Amphan also comes as the area is dealing with the COVID-19 pandemic. While COVID-19 has increased the demand on the health system, Amphan destroyed health facilities and reduced the availability of health services in the affected area.

Mental health support

For people who have seen their livelihoods, income and opportunities disappear as a result of COVID-19, the new loss of their homes, businesses or crops may lead to significant mental health concerns.

Nutrition and food security

Many of the impacted areas were already facing food insecurity and the storm has exacerbated these needs. The HCTT has identified almost 220,000 people who still need additional food support. Continuing to support nutritional needs will be critical as local food stores have been contaminated or destroyed and local farmland has been inundated with ongoing rains and the coming monsoon season.


Many primary and secondary schools have been damaged or destroyed and lack of infrastructure in the affected areas means that remote learning alternatives are not possible. Long gaps in education, especially primary and secondary education, lead to lower life expectancy and lower quality of life.

Contact CDP

Recovery updates

If you are a responding NGO or a donor, please send updates on how you are working on recovery from this disaster to Tanya Gulliver-Garcia.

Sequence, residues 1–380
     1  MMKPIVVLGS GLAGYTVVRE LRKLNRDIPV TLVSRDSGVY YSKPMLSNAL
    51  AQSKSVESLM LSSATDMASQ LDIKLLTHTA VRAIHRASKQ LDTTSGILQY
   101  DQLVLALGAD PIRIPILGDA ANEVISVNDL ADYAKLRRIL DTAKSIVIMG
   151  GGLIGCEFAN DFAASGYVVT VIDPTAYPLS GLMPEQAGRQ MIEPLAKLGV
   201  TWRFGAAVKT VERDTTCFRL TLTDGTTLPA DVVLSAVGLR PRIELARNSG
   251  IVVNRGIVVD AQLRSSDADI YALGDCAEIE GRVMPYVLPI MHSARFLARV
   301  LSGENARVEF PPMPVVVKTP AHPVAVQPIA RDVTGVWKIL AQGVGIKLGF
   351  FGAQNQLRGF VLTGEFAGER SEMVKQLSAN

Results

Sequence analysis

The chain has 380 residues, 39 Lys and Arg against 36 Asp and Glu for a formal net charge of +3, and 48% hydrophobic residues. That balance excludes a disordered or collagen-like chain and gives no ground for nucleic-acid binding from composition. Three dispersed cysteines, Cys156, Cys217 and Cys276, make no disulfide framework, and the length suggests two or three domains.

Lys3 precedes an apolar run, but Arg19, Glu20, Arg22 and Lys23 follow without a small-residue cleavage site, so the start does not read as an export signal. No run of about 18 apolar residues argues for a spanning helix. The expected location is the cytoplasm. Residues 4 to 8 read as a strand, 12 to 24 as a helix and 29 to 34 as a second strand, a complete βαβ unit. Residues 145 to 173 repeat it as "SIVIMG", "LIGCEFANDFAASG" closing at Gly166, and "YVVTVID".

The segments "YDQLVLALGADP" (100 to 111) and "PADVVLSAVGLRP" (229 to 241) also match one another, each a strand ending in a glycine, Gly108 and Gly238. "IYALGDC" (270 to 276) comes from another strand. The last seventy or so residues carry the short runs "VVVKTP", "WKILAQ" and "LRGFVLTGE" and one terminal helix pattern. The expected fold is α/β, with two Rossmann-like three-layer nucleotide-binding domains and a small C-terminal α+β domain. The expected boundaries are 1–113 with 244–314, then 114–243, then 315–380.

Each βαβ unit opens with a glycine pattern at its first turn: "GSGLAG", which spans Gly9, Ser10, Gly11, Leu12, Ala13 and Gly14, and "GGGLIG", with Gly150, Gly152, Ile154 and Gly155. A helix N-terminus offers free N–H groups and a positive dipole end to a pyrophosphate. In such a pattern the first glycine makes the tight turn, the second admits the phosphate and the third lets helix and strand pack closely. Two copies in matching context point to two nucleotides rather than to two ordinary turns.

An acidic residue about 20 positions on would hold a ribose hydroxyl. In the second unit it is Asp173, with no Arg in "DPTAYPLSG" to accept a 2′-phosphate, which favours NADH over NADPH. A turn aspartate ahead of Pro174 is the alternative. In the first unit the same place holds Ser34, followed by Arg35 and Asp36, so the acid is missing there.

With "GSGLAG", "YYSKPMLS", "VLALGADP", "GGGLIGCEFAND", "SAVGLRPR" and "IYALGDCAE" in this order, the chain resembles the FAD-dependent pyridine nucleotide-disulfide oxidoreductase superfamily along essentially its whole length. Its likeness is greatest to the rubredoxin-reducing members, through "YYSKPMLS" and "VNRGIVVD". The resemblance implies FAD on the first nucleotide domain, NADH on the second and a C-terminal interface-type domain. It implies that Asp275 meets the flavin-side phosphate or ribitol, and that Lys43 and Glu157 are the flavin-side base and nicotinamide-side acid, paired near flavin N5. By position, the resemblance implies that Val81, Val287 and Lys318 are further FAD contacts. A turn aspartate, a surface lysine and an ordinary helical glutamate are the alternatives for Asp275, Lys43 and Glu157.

Donor recommendations

If you are a donor looking for recommendations on how to help with disaster recovery, please email Regine A. Webster.

We welcome the republication of our content. Please credit the Center for Disaster Philanthropy.

Philanthropic and government support

The European Commission’s Directorate-General for European Civil Protection and Humanitarian Aid Operations allocated $1.63 million (€1.5 million) for WASH, food, shelter and other immediate humanitarian needs on May 25.

On June 25, the United Nations announced that it had allocated $5 million to support the response to Cyclone Amphan through its Central Emergency Response Fund (CERF). The Humanitarian Coordination Task Team (HCTT), through a multi-component needs assessment, has created a Cyclone Amphan Response Plan that has $25 million in need identified. “The CERF-funded projects have a strong focus on women, children and persons with disabilities and will be delivered in line with COVID-19 mitigation measures, said the United Nations Resident Coordinator in Bangladesh, Mia Seppo.”